Close-up of bees in one of the hives at Bellarmine Farm


The bees are busy at Bellarmine Farm

Fall 2022

The bees are buzzing in hives that students, faculty, staff and alumni installed at the Bellarmine Farm behind Allen Hall this past summer. The hives will increase biodiversity on campus and provide research and experiential learning opportunities for students.   


Students and faculty examine the bees at Bellarmine Farm

“ Bees play such a critical role in our ecosystem, and this a great opportunity for students to see that firsthand,” said Dr. Jessica Hume, assistant professor of Health Services at Bellarmine.  


Hume’s family owns Beckham’s Bell Farms, an apiary in Anderson County. She donated and helped install a “nuc,” which consists of several established frames of bee brood, honey and a queen. Brooke Gibbons ’17 and Cody Gibbons ’17, who operate the Gibbons Family Farm in Larue County, donated a second nuc.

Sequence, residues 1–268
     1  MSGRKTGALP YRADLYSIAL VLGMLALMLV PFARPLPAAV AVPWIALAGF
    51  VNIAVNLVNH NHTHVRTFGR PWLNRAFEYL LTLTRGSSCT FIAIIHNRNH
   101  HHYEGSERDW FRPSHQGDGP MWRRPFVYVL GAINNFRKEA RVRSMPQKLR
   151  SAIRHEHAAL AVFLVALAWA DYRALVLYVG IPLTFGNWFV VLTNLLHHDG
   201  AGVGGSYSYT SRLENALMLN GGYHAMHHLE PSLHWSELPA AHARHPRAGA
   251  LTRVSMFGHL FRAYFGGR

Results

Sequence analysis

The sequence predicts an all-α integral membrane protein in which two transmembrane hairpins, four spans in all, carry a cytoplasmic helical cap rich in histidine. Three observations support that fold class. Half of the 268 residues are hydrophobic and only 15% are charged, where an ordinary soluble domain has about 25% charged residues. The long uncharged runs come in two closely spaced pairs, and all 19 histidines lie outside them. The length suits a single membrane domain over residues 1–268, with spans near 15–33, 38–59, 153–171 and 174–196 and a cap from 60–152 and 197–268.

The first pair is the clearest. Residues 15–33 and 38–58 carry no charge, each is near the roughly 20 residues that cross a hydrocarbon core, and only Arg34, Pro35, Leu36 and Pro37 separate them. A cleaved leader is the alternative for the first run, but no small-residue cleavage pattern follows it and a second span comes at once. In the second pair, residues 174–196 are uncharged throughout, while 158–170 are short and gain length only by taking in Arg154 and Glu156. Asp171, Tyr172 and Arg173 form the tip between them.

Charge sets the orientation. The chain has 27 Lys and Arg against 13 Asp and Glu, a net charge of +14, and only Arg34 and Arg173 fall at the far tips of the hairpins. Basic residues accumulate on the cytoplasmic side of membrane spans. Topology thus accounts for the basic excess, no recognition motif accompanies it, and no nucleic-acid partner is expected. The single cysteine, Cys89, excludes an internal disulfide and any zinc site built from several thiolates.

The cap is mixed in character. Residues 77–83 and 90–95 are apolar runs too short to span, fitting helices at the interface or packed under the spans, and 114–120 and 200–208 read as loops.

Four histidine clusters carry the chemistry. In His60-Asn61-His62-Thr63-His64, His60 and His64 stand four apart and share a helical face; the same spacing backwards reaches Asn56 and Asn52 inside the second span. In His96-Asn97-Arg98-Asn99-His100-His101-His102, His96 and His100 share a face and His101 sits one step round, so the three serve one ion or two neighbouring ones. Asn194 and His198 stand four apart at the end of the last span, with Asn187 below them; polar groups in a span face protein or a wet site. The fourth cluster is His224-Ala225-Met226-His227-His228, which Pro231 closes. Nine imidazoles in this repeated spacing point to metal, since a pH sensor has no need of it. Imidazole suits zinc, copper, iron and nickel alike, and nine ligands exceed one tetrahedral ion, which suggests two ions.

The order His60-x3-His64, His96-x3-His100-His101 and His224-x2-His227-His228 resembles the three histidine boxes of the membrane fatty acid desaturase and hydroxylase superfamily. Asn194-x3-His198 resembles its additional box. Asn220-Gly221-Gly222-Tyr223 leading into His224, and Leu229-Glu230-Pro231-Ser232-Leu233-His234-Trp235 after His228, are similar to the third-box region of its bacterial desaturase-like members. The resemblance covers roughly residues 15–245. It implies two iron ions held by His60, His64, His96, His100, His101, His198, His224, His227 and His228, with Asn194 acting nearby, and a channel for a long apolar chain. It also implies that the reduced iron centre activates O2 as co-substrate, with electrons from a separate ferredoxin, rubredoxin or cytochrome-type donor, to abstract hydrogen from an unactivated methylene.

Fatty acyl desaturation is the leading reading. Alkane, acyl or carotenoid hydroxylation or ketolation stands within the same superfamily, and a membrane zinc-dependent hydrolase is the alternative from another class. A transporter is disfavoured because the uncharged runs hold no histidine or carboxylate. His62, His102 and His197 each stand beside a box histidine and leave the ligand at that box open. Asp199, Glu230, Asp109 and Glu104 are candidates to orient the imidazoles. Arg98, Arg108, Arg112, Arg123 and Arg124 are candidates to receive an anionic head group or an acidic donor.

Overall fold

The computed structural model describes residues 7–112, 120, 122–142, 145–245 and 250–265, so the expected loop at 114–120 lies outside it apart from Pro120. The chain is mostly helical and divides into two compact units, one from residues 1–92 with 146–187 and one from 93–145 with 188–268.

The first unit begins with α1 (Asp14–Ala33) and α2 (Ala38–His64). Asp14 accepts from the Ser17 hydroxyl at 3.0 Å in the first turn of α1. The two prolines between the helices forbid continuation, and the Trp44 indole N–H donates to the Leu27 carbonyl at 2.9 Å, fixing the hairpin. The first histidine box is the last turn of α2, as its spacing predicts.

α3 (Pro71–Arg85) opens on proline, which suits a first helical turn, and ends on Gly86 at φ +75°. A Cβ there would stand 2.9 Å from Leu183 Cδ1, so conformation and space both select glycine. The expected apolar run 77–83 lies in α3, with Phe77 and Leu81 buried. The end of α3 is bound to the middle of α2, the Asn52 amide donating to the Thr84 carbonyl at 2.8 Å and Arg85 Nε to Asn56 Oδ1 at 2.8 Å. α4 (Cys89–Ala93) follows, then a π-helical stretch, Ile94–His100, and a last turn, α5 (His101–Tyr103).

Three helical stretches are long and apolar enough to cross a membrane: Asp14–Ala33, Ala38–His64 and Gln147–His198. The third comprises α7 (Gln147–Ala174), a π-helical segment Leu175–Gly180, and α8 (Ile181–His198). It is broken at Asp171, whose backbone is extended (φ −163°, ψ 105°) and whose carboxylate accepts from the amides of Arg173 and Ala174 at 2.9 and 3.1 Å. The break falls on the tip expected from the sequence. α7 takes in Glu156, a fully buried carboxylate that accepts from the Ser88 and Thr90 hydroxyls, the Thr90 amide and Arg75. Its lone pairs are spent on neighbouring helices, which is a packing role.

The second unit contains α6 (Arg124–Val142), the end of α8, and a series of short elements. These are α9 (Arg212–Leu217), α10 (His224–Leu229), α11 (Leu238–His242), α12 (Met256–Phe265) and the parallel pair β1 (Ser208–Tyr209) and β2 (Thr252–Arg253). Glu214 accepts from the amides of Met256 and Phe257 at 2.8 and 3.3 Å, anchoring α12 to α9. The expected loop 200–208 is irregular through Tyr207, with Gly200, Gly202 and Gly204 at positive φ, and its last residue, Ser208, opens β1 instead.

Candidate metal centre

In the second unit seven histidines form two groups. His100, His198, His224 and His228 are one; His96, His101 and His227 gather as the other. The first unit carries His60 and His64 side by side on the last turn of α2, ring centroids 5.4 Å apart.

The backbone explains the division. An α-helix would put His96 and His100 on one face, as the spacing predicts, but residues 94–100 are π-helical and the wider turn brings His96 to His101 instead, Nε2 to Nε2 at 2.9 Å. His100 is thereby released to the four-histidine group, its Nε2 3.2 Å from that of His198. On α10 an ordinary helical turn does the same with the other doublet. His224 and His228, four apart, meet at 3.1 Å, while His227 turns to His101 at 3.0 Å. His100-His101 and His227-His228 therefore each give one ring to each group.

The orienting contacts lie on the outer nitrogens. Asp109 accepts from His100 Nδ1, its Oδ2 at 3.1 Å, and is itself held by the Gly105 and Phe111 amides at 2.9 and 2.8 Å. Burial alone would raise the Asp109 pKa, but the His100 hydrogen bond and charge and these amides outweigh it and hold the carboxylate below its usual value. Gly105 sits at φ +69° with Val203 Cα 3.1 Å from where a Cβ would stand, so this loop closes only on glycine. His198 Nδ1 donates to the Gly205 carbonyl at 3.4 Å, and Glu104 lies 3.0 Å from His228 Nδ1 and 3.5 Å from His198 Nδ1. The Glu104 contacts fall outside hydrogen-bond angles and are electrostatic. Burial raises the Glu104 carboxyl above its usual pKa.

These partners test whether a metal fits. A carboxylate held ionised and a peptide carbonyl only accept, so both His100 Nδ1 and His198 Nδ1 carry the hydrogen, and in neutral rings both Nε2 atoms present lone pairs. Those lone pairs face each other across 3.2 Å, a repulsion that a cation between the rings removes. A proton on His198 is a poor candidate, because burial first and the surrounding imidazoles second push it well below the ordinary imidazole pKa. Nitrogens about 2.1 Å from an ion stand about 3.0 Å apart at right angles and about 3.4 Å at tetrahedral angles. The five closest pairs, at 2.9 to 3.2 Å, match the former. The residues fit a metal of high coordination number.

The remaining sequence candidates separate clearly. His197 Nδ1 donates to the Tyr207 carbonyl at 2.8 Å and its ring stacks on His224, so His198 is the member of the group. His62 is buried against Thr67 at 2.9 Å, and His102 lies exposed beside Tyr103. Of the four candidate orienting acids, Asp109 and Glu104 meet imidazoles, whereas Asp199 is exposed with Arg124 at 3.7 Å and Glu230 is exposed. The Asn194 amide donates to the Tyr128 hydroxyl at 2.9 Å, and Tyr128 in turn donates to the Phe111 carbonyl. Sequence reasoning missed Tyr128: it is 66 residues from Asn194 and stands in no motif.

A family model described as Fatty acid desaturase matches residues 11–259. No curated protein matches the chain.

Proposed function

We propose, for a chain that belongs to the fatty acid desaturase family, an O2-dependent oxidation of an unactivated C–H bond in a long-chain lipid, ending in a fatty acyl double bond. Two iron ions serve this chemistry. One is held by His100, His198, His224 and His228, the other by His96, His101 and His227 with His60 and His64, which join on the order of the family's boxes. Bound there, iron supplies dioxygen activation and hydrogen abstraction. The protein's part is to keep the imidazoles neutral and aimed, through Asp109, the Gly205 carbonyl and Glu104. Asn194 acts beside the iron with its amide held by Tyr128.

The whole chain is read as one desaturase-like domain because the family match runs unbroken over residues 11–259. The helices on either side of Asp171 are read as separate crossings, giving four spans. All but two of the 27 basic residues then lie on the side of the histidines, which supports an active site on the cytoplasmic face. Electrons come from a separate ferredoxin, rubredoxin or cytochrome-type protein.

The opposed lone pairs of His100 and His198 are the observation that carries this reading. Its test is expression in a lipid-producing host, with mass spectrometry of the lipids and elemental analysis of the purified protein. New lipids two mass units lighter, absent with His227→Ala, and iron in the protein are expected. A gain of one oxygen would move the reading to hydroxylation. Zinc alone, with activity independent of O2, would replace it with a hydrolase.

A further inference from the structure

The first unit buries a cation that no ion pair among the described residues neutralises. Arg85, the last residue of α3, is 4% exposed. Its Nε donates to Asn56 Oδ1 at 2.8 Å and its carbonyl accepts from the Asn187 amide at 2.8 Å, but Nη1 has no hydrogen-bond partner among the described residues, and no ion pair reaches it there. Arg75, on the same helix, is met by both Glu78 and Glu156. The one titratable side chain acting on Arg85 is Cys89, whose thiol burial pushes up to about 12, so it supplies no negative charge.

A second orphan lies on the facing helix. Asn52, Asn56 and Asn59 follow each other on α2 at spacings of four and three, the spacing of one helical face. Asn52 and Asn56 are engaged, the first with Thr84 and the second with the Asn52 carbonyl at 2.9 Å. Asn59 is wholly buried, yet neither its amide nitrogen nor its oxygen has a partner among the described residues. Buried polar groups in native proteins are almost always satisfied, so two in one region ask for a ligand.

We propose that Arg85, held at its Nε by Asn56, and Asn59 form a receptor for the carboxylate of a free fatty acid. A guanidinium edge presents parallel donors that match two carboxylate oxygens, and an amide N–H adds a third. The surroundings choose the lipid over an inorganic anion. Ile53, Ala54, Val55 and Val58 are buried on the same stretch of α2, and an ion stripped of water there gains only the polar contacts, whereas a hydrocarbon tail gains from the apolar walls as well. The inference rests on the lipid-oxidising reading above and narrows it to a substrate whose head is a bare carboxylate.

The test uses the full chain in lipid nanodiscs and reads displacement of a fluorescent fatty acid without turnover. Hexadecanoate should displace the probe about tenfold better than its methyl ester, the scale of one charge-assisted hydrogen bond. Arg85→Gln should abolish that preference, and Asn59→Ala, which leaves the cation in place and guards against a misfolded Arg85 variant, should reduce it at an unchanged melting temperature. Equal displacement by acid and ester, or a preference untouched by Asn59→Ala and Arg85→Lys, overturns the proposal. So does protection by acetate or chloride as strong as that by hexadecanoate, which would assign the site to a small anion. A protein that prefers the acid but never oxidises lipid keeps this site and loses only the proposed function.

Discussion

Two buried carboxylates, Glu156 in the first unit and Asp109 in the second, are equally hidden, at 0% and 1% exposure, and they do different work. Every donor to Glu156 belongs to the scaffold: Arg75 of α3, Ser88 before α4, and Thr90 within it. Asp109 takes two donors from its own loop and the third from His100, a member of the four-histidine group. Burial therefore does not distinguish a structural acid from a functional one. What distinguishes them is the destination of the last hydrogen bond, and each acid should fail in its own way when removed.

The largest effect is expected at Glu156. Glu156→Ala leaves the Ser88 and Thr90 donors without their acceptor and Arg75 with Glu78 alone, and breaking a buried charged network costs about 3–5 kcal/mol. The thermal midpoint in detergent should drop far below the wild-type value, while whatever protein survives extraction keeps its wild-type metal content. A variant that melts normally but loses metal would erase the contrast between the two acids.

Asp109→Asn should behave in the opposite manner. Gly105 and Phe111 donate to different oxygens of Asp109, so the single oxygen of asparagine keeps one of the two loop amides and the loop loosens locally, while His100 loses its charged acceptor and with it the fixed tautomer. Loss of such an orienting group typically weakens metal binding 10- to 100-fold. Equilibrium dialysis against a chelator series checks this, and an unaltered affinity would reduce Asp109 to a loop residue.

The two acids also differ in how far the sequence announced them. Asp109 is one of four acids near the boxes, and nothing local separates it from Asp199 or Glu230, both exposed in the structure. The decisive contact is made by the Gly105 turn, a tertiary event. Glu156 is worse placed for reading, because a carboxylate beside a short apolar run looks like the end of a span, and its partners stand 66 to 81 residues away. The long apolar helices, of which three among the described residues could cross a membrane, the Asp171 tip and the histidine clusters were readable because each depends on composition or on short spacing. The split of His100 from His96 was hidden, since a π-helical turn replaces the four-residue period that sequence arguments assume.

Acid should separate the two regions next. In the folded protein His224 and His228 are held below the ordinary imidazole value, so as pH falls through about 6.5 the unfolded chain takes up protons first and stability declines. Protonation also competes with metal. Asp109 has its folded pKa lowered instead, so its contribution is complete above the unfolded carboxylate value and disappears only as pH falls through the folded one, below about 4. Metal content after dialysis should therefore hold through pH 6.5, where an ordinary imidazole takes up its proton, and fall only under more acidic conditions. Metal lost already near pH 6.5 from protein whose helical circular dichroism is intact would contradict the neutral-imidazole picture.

Photo shows the bee hives in context of the Bellarmine Farm

  The bee initiative was begun last year by Hanah Carter, an Environmental Science major who has worked with beehives as a volunteer naturalist at Bernheim Arboretum and Research Forest. Hanah is president of Bellarmine’s new Beekeeping Club. 

If the bees survive the winter, look for a honey harvest next spring. 

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